## Section12.1The Definition of Divergence

Consider a small closed box, with sides parallel to the coordinate planes, as shown in Figure 12.1.1. What is the flux of an arbitrary vector field $$\FF$$ out of the box?

Consider first the vertical contribution, namely the flux up through the top plus the flux down through the bottom. These two sides each have area element $$dA=dx\,dy\text{,}$$ but the outward normal vectors point in opposite directions, that is

\begin{align*} \nn_{\textrm{up}} \amp= \kk ,\\ \nn_{\textrm{down}} \amp= -\kk , \end{align*}

so we get

\begin{align*} \sum_{\textrm{top+bottom}} \hspace{-10pt} \FF \cdot d\AA \amp= \FF(z+dz) \cdot \kk\> dx\,dy - \FF(z) \cdot\kk\> dx\,dy\\ \amp= \Bigl( F_z(z+dz) - F_z(z) \Bigr) \> dx\,dy\\ \amp= \frac{F_z(z+dz) - F_z(z)}{dz} \> dx\,dy\,dz\\ \amp= \Partial{F_z}{z} \> \> dx\,dy\,dz \end{align*}

where we have multiplied and divided by $$dz$$ to obtain the volume element $$\dV=dx\,dy\,dz$$ in the third step, and used the limit definition of the derivative in the final step.

Repeating this argument using the remaining pairs of faces, it follows that the total flux out of the box is

\begin{gather*} \textrm{total flux} = \sum_{\textrm{box}} \FF \cdot d\AA = \left( \Partial{F_x}{x} + \Partial{F_y}{y} + \Partial{F_z}{z} \right) \> \dV . \end{gather*}

Since the total flux is proportional to the volume of the box, it approaches zero as the box shrinks down to a point. The interesting quantity is therefore the ratio of the flux to volume; this ratio is called the divergence.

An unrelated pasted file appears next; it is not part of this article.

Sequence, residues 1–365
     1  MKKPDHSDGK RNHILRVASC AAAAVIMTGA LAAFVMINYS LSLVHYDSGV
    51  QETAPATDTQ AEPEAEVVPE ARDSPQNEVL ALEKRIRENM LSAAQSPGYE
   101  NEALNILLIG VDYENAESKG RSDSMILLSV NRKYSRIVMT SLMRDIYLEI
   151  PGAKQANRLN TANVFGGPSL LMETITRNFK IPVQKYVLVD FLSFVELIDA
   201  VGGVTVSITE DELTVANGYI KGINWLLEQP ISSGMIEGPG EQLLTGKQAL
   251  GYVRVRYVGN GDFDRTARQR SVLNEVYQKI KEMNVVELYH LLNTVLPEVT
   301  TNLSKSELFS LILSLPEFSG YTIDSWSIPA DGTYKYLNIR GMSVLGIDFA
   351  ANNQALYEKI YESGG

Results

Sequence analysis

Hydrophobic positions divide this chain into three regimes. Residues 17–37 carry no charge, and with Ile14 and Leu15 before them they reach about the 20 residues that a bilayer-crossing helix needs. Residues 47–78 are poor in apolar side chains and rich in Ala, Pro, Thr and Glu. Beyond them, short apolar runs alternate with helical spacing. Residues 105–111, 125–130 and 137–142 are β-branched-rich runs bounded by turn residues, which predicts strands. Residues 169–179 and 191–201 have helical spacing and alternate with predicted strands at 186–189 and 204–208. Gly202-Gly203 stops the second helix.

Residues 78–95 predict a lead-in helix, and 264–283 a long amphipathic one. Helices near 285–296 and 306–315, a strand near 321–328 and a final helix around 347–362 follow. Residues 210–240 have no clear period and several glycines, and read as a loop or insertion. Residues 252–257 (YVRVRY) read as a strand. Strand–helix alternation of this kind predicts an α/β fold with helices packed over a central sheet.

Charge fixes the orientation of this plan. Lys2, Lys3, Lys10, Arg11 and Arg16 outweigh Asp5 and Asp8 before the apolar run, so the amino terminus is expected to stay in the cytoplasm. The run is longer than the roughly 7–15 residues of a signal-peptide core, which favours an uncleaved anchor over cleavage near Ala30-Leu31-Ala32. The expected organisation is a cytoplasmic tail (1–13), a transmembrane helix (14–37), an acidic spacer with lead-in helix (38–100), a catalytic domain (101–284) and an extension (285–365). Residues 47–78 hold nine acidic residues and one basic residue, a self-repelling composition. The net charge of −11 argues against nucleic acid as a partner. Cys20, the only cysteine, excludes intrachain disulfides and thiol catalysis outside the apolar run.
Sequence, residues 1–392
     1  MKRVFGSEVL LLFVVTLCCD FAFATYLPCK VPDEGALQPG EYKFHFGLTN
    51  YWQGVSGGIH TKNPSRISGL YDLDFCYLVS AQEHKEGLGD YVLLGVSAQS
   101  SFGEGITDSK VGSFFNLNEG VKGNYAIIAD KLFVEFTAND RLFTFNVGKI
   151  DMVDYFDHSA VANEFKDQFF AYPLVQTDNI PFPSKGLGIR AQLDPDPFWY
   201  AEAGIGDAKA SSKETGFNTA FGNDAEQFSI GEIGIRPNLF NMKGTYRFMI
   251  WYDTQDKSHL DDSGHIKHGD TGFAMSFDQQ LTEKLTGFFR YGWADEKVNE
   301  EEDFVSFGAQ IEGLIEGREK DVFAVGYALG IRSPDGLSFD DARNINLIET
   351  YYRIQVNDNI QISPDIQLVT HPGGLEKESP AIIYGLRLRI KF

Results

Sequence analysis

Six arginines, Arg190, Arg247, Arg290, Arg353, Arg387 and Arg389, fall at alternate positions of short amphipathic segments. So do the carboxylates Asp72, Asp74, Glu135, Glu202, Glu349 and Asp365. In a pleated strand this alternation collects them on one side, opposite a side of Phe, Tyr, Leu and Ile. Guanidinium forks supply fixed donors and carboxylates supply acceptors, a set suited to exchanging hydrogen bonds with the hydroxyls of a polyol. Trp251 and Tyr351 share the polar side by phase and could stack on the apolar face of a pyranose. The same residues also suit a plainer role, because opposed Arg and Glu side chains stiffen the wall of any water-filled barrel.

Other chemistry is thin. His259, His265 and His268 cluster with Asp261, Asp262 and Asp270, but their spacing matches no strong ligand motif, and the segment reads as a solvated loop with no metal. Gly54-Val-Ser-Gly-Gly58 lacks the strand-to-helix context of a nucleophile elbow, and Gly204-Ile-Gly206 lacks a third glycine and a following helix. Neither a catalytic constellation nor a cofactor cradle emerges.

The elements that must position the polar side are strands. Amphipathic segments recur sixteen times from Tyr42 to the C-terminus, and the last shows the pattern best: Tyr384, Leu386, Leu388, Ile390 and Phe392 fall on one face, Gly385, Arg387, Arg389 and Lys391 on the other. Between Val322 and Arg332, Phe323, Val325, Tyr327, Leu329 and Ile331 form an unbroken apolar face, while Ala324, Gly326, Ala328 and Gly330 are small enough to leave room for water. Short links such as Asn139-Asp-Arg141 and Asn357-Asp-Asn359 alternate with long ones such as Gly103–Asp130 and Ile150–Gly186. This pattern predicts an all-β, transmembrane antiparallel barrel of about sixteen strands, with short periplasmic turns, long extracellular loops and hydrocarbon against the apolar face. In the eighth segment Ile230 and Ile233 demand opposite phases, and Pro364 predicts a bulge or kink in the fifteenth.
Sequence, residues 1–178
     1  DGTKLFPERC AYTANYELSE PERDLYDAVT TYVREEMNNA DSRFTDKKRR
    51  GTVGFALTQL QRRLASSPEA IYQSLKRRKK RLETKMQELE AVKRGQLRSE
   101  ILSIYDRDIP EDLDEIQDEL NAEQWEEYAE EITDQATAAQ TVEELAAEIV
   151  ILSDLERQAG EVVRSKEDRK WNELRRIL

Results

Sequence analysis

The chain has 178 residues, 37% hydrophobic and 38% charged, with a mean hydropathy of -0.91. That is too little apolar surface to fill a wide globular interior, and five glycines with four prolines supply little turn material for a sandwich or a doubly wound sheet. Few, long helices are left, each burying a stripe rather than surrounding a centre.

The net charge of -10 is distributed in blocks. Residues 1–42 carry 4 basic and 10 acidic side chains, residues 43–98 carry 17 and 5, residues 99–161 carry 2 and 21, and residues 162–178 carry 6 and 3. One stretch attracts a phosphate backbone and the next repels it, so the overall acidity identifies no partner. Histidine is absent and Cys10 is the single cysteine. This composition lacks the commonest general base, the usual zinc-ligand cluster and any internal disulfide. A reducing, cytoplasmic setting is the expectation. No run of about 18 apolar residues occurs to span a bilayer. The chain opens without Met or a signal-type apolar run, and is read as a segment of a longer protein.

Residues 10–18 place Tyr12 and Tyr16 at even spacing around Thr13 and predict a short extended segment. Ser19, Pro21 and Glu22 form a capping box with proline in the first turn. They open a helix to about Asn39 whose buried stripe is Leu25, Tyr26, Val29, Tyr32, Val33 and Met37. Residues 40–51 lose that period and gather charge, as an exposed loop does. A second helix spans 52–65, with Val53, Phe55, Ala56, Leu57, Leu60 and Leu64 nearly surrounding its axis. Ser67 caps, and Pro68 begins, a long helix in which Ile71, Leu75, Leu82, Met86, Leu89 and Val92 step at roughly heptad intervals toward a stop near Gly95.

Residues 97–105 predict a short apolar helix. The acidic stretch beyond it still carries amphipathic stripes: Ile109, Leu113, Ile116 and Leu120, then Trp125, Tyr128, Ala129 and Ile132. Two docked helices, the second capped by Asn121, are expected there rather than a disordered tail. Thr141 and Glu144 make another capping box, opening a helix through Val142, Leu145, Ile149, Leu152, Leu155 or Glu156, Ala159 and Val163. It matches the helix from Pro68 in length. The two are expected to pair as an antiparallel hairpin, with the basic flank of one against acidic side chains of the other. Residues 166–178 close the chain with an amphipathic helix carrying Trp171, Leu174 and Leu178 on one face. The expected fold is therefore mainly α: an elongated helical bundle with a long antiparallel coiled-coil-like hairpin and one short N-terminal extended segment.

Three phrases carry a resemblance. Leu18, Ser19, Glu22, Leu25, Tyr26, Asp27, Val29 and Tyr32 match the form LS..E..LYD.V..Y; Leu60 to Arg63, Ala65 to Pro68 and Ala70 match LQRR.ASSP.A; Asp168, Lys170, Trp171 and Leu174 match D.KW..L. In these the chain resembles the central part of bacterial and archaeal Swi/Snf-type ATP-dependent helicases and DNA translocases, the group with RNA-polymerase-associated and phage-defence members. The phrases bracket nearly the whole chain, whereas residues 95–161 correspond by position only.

At any point $$P\text{,}$$ we therefore define the divergence of a vector field $$\FF\text{,}$$ written $$\grad\cdot\FF\text{,}$$ to be the flux of $$\FF$$ per unit volume leaving a small box around $$P\text{.}$$ In other words, the divergence is the limit as the box collapses around $$P$$ of the ratio of the flux of the vector field out of the box to the volume of the box. Thus, the divergence of $$\FF$$ at $$P$$ is the flux per unit volume through a small box around $$P\text{,}$$ which is given in rectangular coordinates by

\begin{gather*} \grad\cdot\FF = \frac{\textrm{flux}}{\textrm{unit volume}} = \Partial{F_x}{x} + \Partial{F_y}{y} + \Partial{F_z}{z} . \end{gather*}

You may have seen this formula before, but remember that it is merely the rectangular coordinate expression for the divergence of $$\FF\text{;}$$ the divergence is defined geometrically as flux per unit volume. Similar computations can be used to determine expressions for the divergence in other coordinate systems, see Section A.1 for a sketch of the derivation and Appendix A.1 for the formulas. Because of the geometric nature of divergence, these expressions turn out to give the same value at each point in space.